Raising Twins

It’s very rare that I get to enjoy the sound of silence in our busy home of seven. But, once in a great while, I wake early enough for at least one cup of coffee before I hear the shuffle of busy little feet (or two really big ones- sorry Dave). This morning I woke with a memory of the girls (who are now 11 years old) when they were babies and was overwhelmed with emotions and gratitude. People often ask me what it was like to raise twins (was?!)- as if they aren’t considered ‘twins’ once they are beyond the cute toddling ages.

I have actually never referred to them as twins. They aren’t identical- they're fraternal, which means two completely different eggs at conception. Every person deserves to be treated as an individual, identical twins or not. Of course, because they shared the womb, they have this “twin things” that happens and connections they share.

It used to drive me crazy when I’d get the typical twin questions. Any mom of multiples can appreciate these questions that were almost guaranteed to be asked on every occasion that I mustered to get out of the house. My favorite: “Are they twins?” The questions were always the same, making me want to put a sign on the stroller every time I went out in public that said: 

YES they are twins.

NO they are not identical.

YES they are girls.

NO I did not use In Vitro.

PLEASE don’t ask me about breastfeeding.

YES I had to eat a lot.

YES I gained 45 lbs while pregnant. (I especially craved pancakes, go figure)

I always thought the sign idea would be fun, but never mustered to courage to do it. :) Most people are too nice to understand this level of comical sarcasm from a mom of twins.

As toddlers, it was really fun to watch the twin dynamic change and their relationship as “sisters of the womb” organically grew. They entertained each other and everyone around them. The belly rolls, giggles, the snuggles and face-plant kisses were delightful and endearing. I would find myself not always interacting with them during playtime, but rather watching them engage in a deep relationship that I never remembered having with my sister growing up.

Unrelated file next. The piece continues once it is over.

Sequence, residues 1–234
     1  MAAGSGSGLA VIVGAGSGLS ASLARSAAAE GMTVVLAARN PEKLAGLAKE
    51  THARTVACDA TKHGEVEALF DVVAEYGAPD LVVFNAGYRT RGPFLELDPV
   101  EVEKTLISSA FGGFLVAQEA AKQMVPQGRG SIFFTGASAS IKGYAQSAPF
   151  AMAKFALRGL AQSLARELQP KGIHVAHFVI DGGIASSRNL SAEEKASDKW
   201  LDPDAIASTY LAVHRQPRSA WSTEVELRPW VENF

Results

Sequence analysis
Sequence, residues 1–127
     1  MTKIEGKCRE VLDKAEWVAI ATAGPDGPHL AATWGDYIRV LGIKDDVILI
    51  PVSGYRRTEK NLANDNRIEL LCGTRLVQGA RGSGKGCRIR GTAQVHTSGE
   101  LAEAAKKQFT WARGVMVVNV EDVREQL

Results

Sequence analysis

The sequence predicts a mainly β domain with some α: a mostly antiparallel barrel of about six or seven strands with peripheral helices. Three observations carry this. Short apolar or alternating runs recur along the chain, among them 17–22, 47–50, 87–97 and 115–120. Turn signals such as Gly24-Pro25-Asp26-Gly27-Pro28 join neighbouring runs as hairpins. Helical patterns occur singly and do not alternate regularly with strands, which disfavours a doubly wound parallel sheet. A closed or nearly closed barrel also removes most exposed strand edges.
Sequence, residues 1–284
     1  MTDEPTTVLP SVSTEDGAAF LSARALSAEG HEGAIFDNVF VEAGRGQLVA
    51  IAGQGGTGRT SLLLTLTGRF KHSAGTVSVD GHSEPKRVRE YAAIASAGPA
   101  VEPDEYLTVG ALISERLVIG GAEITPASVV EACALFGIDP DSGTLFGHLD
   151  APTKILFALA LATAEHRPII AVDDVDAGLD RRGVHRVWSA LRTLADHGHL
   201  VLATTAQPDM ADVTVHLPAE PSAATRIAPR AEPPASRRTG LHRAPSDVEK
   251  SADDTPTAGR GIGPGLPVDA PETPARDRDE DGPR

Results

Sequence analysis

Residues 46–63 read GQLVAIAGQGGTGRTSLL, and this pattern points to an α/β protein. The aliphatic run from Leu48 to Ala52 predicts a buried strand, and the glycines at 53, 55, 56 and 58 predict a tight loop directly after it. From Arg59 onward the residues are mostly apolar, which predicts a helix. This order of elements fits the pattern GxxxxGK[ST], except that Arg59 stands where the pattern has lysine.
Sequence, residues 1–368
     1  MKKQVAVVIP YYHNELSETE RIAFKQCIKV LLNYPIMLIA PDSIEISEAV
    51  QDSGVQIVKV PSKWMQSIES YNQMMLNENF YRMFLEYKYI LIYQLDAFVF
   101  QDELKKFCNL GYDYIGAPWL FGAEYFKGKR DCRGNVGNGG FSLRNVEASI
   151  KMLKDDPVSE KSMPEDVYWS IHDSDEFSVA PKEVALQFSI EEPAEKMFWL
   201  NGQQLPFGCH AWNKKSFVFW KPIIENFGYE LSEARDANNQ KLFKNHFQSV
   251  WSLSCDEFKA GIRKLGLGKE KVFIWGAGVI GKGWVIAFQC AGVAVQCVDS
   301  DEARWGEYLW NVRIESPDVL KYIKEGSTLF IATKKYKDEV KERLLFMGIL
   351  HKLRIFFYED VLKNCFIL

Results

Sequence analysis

Their emotions mirror one another from laughter to pain. If one would tumble over, hurt herself and cry, the other would cry hysterically. She didn’t know why, but she knew her sister was hurt or upset and she didn’t like it. This made separating them, even for an hour, very difficult. They reacted as if they had a missing limb. When they were three, I took them to a hot air balloon show thinking that they would love the beautiful colors. Unfortunately, I failed to consider the volume of noise that comes out of the engines when they fire up the balloons. A painful volume of screams mirrored the engine noise in unison, stopping at the exact same moment. It’s been like that since birth.

Over the years, Josie and Ellie have been encouraged to do their own thing and make their own choices. As much as they try, they mostly end up in unison. From sleepovers to food choices to hair styles, they mirror each other's every move. As they enter the tween years and middle school for the first time this month, they are starting to show signs of independence from one another. Their personalities and interests are gradually developing and their styles are very clearly their own. I’m hoping that their interest in fitness, food and entrepreneurship continues, but if not, we will encourage them to follow their hearts. They have this itching curiosity about running a business like FlapJacked Protein Pancakes and how we make the products, which we love. Their questions are smart and intuitive- and even surprise me. They do prefer different flavors though. Ellie likes Cinnamon Apple and Josie likes Banana Hazelnut. It makes them proud that we are following our hearts and passion and they recognize that. Maybe someday they can create their own little small business and watch it grow. :)

Like any parent of multiples, I could write my own book on the topic of raising twins and the “twin thing” that I will never experience nor quite understand. I keep trying and even as it has gotten more and more complex over the years, it’s a dynamic and organic experience watching them develop as little people who are smart, loving, irritatingly funny and very compassionate.

I realize that being a “twin” doesn’t mean that you have to share the exact same chromosomes, as the girls don’t, but that they share the same experiences from the beginning. Raising twins is difficult and rewarding, but each stage has moments that have taught the family a lot about patience and multi-tasking. As we continue to encourage them to be their own beautiful individuals, I’m sure this will only get better as raising twins has been the hardest job I’ll ever love.

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